N-(1-Adamantaneacetyl)-ceramide trihexoside

CATALOG # 1947
Amount 1 mg
Price $420.00
N-(1-Adamantaneacetyl)-ceramide trihexoside
  • Catalog #:1947
  • Scientific Name:N-(1-Adamantaneacetyl)-ceramide trihexoside
  • Common Name:N-Adamantyl-globotriaosylceramide; AdaGb3
  • Empirical Formula:C48H83NO18
  • SDSView Safety Data Sheet
  • Data Sheet:View Data Sheet
  • Formula Weight:962
  • Unit:1 mg
  • Source:semisynthetic
  • Purity:98+%
  • Analytical Methods:TLC; identity confirmed by MS
  • Natural Source:porcine
  • Solubility:chloroform/methanol, 2:1, methanol, DMF
  • Physical Appearance:solid
  • Storage:-20°C
  • Dry Ice:No
  • Hazardous:No
  • Literature References:Application Notes:

    N-(1-Adamantaneacetyl)-ceramide trihexoside (adaGb3) is a water soluble analog of ceramide trihexoside (globotriaosylceramide, Gb3) that demonstrates unique properties as compared with its natural substrate. By replacing the natural fatty acyl group of the ceramide with a rigid, three dimensional hydrocarbon frame, a novel class of glycosphingolipids is produced which demonstrates similar toxin interactions to natural glycosphingolipids but increased water solubility. Unlike the water-soluble lipid-free Gb3 oligosaccharide, adaGb3 retains high affinity for verotoxin binding in aqueous solutions and also shares some properties of Gb3-cholesterol complexes in solution which may relate to its several bioactivities.1,2 AdaGb3 has also been shown to functionally mimic Gb3 microdomains, providing a new class of molecular tools for studying the role of glycolipids and lipid rafts in such areas as HIV-1 fusion and other biological processes. AdaGb3 may be able to disrupt HIV gp120-glycolipid interactions, thereby obviating the problem of resistance mutants selected by current antiretroviral treatments and opening a new route for controlling HIV-1 replication in infected individuals.3 AdaGb3 has recently been proposed as a regulator for multidrug resistance in cancer cells by taking advantage of the interaction between Gb3 and the glycoprotein MDR1, thus modulating the function of MDR1 across the intestinal endothelium.4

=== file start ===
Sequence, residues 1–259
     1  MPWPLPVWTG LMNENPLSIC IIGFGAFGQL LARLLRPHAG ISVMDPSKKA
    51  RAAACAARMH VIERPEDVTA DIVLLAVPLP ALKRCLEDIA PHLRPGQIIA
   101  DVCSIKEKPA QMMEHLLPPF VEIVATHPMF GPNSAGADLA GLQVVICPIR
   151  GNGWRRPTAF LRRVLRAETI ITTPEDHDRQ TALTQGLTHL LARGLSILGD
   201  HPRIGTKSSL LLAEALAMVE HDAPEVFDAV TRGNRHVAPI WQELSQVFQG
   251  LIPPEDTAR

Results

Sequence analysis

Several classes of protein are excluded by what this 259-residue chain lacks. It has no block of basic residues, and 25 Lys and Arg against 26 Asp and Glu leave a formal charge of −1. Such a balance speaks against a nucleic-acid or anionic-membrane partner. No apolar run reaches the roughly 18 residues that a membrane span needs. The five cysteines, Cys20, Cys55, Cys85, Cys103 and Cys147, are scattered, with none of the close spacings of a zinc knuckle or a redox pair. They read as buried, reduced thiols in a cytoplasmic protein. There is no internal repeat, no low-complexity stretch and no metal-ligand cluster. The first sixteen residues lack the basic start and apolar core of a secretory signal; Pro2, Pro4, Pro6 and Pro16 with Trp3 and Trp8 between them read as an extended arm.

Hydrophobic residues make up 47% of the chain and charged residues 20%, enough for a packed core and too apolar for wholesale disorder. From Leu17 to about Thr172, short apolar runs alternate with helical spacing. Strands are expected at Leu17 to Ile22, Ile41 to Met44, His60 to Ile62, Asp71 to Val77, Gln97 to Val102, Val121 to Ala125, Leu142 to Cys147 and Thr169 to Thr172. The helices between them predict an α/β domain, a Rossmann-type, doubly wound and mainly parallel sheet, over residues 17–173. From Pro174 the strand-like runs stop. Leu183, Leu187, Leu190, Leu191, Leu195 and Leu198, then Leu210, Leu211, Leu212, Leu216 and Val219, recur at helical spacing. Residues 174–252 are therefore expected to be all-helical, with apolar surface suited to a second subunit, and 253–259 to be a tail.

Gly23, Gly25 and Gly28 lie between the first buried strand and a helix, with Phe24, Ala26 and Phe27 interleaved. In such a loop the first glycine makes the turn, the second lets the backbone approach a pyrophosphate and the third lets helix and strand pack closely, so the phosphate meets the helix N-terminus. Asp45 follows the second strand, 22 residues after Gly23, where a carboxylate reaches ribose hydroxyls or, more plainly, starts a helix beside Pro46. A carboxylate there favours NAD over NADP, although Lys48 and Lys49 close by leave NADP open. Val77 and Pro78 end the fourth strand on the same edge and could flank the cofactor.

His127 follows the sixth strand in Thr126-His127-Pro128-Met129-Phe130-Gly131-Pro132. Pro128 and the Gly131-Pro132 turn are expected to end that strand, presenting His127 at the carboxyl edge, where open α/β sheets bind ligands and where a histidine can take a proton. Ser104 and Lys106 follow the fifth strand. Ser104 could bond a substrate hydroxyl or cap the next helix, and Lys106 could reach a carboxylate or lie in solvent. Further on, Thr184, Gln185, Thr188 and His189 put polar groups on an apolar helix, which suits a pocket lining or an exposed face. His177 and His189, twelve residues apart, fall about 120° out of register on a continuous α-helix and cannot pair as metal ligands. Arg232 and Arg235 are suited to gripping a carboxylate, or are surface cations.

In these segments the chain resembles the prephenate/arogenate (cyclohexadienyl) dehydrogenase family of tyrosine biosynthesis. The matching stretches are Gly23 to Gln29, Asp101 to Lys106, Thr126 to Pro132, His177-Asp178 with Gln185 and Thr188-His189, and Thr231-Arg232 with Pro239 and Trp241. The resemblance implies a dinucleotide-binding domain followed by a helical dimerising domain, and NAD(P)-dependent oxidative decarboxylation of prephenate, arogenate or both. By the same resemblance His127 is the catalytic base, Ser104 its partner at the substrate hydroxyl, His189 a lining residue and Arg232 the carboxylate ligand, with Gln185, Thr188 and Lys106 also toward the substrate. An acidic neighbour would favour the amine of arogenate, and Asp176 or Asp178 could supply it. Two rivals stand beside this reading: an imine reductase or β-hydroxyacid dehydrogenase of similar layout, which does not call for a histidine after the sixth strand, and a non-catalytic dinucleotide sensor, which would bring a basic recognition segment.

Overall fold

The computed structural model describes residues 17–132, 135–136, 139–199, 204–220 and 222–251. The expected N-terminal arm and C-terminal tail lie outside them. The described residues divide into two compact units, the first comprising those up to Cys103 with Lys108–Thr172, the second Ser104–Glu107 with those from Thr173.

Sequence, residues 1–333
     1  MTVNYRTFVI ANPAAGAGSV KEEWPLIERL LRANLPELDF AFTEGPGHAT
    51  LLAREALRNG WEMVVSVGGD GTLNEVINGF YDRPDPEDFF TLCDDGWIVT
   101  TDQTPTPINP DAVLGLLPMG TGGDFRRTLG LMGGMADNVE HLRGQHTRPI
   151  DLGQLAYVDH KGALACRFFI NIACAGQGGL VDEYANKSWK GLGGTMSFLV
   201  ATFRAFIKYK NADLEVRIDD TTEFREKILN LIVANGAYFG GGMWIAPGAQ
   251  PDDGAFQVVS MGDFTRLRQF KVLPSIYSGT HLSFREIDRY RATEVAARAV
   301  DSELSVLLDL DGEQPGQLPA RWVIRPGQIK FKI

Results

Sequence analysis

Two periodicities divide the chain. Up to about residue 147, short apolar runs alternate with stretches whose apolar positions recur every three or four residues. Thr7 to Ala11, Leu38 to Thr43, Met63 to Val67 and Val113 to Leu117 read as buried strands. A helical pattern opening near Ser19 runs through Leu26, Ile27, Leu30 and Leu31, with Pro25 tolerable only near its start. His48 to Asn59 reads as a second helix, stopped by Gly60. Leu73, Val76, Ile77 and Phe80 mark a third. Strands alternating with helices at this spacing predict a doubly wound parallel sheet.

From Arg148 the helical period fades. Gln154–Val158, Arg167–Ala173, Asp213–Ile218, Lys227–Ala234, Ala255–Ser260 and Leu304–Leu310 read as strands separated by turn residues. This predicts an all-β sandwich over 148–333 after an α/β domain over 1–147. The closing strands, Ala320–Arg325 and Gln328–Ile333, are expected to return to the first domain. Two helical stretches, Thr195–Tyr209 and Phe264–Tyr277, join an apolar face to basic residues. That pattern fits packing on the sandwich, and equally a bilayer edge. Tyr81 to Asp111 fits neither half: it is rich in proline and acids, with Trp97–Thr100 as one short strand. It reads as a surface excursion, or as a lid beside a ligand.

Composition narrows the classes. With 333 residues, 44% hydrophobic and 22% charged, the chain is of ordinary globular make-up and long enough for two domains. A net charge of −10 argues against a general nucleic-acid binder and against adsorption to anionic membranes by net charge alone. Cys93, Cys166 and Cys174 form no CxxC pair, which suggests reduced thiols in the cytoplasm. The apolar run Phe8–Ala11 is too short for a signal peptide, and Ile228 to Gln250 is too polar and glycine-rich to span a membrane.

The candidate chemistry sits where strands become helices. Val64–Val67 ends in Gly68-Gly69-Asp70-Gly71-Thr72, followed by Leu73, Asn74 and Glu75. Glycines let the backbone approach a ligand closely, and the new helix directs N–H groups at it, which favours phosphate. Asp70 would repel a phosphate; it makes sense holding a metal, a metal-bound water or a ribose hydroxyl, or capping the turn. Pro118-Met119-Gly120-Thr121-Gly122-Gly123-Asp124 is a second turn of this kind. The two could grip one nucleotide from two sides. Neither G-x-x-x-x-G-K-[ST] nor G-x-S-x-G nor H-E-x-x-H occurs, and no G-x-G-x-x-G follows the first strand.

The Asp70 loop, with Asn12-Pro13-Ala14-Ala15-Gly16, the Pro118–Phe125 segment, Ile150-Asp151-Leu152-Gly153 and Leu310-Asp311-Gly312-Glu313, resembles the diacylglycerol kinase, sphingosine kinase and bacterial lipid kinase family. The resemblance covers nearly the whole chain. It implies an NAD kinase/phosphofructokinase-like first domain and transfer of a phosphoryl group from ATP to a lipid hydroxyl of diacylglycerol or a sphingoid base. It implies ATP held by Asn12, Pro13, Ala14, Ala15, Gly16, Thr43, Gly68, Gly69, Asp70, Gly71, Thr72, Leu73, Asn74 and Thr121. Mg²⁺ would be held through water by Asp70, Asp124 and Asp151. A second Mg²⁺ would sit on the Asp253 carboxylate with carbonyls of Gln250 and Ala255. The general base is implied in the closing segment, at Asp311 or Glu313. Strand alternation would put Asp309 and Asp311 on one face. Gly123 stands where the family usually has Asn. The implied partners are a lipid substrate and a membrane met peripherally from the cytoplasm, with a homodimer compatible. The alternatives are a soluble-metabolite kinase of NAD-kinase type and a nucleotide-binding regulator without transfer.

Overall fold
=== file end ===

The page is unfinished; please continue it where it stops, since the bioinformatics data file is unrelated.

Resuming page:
1. C. Lingwood et al., Adamantyl Glycosphingolipids Provide a New Approach to the Selective Regulation of Cellular Glycosphingolipid Metabolism. The Journal of Biological Chemistry 286:24 (2011) 21413-21426
    2. M. Mylvaganam and C. Lingwood, Adamantyl Globotriaosyl Ceramide: A Monovalent Soluble Mimic Which Inhibits Verotoxin Binding to Its Glycolipid Receptor. Biochemical and Biophysical Research Communications 257:2 (1999) 391-394
    3. J. Fantini et al., A novel soluble analog of the HIV-1 fusion cofactor, globotriaosylceramide (Gb3 ), eliminates the cholesterol requirement for high affinity gp120/Gb 3 interaction. Journal of Lipid Research 43 (2002) 1670-1679
    4. C. Lingwood et al., Inhibition of multidrug resistance by adamantylgb3, a globotriaosylceramide analog. Journal of Biological Chemistry 283 (2008) 4501-4511